‘Steep rise’ in teachers struggling with mental health

Teachers are not asking for help until they are in crisis, says support charity – with number of teachers at risk of suicide rising 57 per cent

teacher mental health

An emotional support helpline for teachers in crisis received its highest-ever volume of calls last year.

Between April 2018 and March 2019, counsellors at the Education Support Partnership dealt with 9,615 cases of both teachers and classroom support assistants in crisis – up 28 per cent on two years ago.

And the number of callers clinically assessed to be at risk of suicide rose to 561 last year, up by 57 per cent on the previous year.

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Many cases related to workplace stress, while other common issues included bullying, harassment and conflict at work, says the charity.

More than half of callers were within their first five years of teaching.

Chief executive Sinead McBrearty said: "We can see a steep rise in teachers struggling to maintain good wellbeing and mental health in extremely challenging times in the profession.

"It is striking that teachers are not asking for help at the first, or even second, sign of difficulty. The vast majority of callers only get in touch when they are in crisis.

“Rising numbers of callers are new to teaching or at an early stage in their careers.”

The charity’s report out today shows that, in March this year alone, the charity managed 1,156 cases, making it the busiest month its confidential helpline has ever had.

It also shows that:

  • Helpline cases related to workplace stress grew by 49 per cent compared to the previous year.
  • 57 per cent of helpline cases involved staff who have been working in education for under five years.
  • 46 per cent of cases were staff working in primary schools.

Last year, the charity revealed in its Teacher Wellbeing Index that a total of 31 per cent of teachers had experienced a mental health problem in the past academic year – up a third since the previous year.

It says that at present, only 43 per cent of classroom teachers are aware they can access the free and confidential telephone counselling.

Of those who have used it, an overwhelming number said that talking to one of the trained counsellors improved how they were able to cope with problems, while 87 per cent said they felt better equipped to deal with their problems after accessing support, either after one call or through a number of structured sessions talking to a counsellor.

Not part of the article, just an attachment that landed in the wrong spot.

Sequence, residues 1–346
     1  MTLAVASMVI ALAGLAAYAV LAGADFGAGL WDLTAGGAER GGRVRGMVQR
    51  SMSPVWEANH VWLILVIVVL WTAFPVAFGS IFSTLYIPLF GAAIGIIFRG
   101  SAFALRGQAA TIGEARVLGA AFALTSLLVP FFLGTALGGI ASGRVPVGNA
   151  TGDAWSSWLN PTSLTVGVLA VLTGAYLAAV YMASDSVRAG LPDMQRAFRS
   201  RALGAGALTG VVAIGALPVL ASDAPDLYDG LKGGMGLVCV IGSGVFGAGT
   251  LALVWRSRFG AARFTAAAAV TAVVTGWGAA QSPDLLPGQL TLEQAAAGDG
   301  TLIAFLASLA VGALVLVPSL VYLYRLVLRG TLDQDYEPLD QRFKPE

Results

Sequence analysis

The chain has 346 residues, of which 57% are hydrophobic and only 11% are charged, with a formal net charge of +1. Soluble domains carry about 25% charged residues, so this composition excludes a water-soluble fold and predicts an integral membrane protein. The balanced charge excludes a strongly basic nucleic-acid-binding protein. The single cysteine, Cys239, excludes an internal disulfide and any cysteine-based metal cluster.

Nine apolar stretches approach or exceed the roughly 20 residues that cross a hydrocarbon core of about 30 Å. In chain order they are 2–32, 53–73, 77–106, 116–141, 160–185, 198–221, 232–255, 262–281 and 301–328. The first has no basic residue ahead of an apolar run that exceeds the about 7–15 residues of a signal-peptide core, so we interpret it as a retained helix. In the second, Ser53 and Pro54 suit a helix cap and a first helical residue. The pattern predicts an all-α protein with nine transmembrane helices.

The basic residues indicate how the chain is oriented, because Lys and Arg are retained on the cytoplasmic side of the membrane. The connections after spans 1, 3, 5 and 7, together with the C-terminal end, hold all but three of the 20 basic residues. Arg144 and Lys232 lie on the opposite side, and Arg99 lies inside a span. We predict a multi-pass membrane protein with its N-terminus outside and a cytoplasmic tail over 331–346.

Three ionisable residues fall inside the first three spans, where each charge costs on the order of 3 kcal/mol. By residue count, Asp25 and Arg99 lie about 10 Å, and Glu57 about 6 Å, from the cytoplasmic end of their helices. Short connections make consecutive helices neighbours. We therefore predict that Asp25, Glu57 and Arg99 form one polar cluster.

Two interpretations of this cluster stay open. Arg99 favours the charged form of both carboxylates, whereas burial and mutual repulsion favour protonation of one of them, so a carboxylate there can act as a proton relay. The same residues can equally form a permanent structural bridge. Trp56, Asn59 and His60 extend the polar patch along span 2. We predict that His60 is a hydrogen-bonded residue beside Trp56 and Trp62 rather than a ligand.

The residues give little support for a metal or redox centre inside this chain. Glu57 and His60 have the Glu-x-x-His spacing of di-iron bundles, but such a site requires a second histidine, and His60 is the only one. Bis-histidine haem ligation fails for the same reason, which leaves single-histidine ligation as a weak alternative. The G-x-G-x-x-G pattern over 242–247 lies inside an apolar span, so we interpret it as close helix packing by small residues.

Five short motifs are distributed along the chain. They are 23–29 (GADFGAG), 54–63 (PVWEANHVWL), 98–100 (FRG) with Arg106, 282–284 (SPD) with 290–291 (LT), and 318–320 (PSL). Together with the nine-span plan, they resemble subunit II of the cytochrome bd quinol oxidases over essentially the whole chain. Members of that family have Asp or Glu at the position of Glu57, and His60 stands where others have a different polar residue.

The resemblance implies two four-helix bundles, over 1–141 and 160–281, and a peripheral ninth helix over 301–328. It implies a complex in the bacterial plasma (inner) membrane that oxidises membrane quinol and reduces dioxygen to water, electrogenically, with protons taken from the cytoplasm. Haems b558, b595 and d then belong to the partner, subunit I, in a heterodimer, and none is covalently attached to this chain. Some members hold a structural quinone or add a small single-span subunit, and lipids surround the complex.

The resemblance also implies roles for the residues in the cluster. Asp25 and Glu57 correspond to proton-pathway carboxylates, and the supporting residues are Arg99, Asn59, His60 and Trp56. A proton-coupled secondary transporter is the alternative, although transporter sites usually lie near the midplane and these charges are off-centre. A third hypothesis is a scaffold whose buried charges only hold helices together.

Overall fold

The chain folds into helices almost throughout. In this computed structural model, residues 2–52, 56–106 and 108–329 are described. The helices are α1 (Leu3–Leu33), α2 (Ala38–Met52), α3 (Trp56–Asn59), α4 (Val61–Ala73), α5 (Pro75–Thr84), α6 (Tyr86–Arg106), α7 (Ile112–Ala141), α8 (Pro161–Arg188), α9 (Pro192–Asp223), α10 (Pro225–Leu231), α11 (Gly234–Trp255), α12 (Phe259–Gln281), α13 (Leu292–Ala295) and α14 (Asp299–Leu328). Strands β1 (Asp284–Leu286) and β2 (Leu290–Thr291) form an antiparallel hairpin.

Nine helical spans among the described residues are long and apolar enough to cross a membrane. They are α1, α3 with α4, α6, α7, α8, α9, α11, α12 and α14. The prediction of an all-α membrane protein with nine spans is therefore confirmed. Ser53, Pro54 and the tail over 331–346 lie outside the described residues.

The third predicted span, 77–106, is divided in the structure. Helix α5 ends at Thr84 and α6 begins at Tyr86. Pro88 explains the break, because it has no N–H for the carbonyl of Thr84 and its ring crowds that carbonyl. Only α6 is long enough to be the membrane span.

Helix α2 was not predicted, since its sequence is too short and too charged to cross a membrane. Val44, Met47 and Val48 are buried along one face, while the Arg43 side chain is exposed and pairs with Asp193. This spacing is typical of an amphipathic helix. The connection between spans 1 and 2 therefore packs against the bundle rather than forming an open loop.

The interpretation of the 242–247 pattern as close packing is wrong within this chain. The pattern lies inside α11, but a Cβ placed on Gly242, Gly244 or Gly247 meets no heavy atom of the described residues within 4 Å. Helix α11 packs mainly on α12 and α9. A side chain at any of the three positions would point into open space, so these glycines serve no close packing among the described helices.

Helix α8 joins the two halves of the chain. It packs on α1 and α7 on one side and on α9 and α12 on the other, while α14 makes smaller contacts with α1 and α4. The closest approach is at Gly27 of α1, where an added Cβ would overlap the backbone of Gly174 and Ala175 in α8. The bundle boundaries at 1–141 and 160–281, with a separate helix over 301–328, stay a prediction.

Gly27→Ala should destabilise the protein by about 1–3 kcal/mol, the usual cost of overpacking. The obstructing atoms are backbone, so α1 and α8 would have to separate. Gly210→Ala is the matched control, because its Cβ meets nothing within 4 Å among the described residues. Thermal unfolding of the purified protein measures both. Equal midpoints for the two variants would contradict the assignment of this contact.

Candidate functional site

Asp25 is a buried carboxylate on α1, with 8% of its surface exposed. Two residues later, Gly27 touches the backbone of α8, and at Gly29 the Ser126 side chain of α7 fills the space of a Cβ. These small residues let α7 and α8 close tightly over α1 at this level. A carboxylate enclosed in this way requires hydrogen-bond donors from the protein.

Paul Whiteman, general secretary of the NAHT headteachers' union, said: “It is very concerning to see so many reports of serious stress from the teaching profession, but unfortunately not surprising. Teachers and school leaders are increasingly being asked to do more with less, as the pressures of high-stakes accountability, the funding crisis, and heavy workloads bear down.

"We have a serious issue with retention – we can’t afford to lose teachers to stress. We’d encourage all school staff to make sure they put themselves and their mental health first, and to take time out to take advantage of services like the Education Support Partnership helpline as soon as help is needed.”

If you are an education professional suffering problems with mental health, you can call the charity’s confidential helpline on 0800 056 2561.

A Department for Education spokesperson said:  “We want every child to be taught by great teachers who have the time, freedom and support to do what they do best - inspire the next generation. 

“Where staff are struggling we trust headteachers to take action to tackle the causes of stress and ensure they have the support they need.

“In March, the Secretary of State announced the launch of an Expert Advisory Group to look at how teachers and school leaders can be better supported to deal with the pressures of the job, which builds on our Teacher Recruitment and Retention Strategy which focuses on the importance of developing supportive cultures.”

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Dave Speck

Dave Speck is a reporter at Tes

Find me on Twitter @Specktator100

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